Brunsson, N. (2003): Organized Hypocrisy (note A)

Brunsson, Nils (2003) Organized Hypocrisy i Czarniawska &Sevon (eds) The Northern Lights – Organization theory in Scandinavia, pp 201-222,Trelleborg : Liber. AB20 sider

Definitions:

Traditional decision theory: a decision is indicating a corresponding action which will occur in the future

Talk → ↑ action

Hypocrisy: to act opposite of what is said/decided

Theory of hypocrisy: talk/decisions compensate for actions

Thus the opposite of the traditional decision theory

Talk/decision → ↓ action

Action → ↓ talk/decision

(talk/decision decrease the likelihood of a corresponding action. And action decrease the likelihood of corresponding talk/decision)

Hypocrisy:

Hypocrisy creates opportunities – it facilitates action in a conflict situation

It offers a high degree of freedom

Hypocrisy is tied to an actor – only actors can be hypocritical

Actors: individuals or organizations

Hypocrisy is kind of an inconsistency within the actor

This is abnormal = problem

Hypocrisy is a response to a world in which values, ideas, or people are in conflict

Hypocrisy is normal within organizations because it is impossible to meet everybody’s demands and to make everybody happy.

You can either make a few very happy and a lot very unhappy, or you can use hypocrisy and make most happy

With hypocrisy no one’s needs are fully meet, but no one is left totally unsatisfied

Too much hypocrisy is morally wrong, but too little is fanaticism

Hypocrisy makes it possible to keep a high morale

Hypocrisy can be a way to handle conflicts

Different kinds of conflict occurs due to:

Interpersonal relations: Difference among people

Time aspects: Different demands over time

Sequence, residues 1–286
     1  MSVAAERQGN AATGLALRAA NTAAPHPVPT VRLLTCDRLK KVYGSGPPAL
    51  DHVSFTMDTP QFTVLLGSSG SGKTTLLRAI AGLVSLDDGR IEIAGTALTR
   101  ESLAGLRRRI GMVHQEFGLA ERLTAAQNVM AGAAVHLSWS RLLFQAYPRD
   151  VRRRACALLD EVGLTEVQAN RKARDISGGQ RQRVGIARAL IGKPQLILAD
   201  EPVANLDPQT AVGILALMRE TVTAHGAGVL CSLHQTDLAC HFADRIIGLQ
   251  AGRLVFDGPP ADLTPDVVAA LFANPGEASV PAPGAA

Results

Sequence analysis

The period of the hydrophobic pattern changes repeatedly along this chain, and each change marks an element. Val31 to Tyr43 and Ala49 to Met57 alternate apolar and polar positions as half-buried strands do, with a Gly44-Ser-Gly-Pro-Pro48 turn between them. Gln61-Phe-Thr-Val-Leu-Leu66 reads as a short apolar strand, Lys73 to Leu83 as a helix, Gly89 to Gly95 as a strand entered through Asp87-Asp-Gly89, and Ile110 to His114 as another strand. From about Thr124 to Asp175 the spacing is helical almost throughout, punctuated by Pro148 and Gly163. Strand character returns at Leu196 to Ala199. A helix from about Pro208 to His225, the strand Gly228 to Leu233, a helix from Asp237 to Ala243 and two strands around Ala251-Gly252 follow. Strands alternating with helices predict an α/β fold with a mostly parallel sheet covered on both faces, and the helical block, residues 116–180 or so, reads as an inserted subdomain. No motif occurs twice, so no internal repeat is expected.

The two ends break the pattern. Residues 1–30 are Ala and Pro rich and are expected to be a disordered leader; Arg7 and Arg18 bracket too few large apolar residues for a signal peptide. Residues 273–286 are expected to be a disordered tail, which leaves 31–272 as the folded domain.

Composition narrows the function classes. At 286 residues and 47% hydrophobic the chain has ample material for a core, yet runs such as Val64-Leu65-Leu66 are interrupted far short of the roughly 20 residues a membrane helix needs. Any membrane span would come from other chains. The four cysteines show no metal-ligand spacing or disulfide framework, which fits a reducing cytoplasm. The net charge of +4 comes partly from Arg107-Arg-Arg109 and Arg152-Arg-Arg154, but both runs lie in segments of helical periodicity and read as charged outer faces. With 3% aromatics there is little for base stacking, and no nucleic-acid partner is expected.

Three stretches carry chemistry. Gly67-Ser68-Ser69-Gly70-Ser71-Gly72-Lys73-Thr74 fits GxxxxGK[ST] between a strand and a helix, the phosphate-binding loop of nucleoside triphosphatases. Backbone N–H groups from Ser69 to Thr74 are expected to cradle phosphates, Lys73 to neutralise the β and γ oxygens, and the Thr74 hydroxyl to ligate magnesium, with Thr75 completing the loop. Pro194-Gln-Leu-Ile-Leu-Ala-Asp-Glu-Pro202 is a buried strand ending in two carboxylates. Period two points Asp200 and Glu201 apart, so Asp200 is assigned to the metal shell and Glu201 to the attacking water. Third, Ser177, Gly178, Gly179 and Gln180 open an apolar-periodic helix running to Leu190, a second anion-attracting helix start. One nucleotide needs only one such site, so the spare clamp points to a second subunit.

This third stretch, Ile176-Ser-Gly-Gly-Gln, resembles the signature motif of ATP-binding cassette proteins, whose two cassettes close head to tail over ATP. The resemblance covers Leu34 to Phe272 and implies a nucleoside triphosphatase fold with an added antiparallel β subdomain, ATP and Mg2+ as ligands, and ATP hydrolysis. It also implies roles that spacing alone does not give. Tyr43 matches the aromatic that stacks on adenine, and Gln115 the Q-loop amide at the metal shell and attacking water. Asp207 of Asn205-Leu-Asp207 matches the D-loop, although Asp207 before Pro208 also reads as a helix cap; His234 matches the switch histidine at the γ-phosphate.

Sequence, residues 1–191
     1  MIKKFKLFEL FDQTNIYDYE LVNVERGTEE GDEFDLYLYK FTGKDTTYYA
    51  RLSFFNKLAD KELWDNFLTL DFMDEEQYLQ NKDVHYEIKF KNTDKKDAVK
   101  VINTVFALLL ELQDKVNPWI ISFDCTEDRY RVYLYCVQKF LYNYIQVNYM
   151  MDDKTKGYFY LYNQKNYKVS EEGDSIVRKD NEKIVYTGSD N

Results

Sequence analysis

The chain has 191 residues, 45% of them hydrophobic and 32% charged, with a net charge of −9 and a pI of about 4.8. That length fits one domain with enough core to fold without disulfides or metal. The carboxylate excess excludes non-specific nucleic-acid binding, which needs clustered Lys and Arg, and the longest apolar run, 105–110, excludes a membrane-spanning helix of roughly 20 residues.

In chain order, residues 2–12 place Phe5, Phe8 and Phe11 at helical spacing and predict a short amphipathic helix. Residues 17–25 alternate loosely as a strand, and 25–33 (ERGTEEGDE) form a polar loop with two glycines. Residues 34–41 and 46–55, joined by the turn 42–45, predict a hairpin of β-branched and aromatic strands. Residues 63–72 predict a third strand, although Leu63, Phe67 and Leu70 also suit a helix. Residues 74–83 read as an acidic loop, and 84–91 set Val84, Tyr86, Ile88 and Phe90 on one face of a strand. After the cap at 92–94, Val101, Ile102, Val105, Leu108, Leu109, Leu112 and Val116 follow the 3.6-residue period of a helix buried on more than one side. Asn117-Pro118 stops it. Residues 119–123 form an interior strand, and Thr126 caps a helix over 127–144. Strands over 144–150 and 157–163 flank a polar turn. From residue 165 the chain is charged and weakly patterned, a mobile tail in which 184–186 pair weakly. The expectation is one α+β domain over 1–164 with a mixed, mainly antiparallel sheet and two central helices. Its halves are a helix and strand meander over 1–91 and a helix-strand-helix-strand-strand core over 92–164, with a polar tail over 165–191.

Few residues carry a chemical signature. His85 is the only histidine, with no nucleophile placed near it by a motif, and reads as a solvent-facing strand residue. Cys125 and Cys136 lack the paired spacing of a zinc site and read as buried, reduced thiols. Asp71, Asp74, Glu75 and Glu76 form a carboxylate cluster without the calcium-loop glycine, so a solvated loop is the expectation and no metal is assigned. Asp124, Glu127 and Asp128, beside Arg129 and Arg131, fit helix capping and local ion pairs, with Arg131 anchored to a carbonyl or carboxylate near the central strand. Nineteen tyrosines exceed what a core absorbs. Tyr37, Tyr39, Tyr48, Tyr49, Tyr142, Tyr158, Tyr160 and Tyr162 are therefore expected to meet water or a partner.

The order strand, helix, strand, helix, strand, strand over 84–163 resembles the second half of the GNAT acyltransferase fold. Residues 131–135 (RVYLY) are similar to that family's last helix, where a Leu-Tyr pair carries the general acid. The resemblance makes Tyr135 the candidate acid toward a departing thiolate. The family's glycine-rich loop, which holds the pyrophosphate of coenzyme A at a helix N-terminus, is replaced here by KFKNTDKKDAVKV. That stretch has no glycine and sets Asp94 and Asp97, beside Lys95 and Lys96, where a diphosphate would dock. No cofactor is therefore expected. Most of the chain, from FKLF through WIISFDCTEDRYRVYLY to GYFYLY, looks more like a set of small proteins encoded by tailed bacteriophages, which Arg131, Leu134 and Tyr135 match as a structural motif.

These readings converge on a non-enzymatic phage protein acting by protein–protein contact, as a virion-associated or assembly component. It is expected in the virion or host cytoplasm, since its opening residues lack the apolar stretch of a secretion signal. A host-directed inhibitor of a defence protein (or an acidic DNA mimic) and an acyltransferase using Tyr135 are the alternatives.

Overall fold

Intrapersonal aspects: Different roles

The theory of hypocrisy only works on people who believe in the traditional decision theory (talk → action)

Thus, it only works when people find talk/decisions important

The theory of hypocrisy only works when people do not believe in it!!

Hypocrisy makes it easier to say controversial things and to make controversial decisions.

Hypocrisy makes it easier to maintain the legitimacy of organizations, even when they are subjected to conflicting demands

Talk and decision generally reach a greater audience than the actions do. Many people might therefore view talk/decisions as equivalent to actions

Organisational hypocrisy can both be intentional and unintentional

Unintentional: it is just an answer to a conflict

A long timeframe for the hypocritically promised action is useful because conflicts and demands usually change over time

A timeframe creates tolerance for the discrepancies among talk, decision and action

Many will think that the situation has changed too much for the old decision to become action when the timeframe is met. Then the whole situation must be re-evaluated in its current context

Situations can also lose their importance by being forgotten

Diversity between ideology and practice:

Talk/decision are often less expensive than action

Some things can be done but not said (eg. Ethics)

Meta-hypocrisy:

The posture that a hypocritical organization is not a hypocrite

One continues to be a hypocrite but one claims that one is not

Hypocrisy only works for materialists who do not believe in hypocrisy

It is therefore important to convince the materialist that the organization is one actor and that there is no hypocrisy

Based on the demand that one should not be a hypocrite

The norm of consistency: the norm that actors should not be hypocrites

There is a risk of the hypocrisy to be discovered and viewed as a sin and get sanctioned

Whether we are dealing with one actor or many over time can influence our tolerance of hypocrisy

We tend to think that a new actor has been created

This creates a tolerance for hypocrisy because it is viewed as inconsistency between 2 actors rather than inconsistency within one actor (= hypocrisy)

Examples:

Swedish government banded cage hens in 1987 as a 80th birthday present to the animals rights activist: Astrid Lindgren. The hens were still in small cages when she died at the age of 95!

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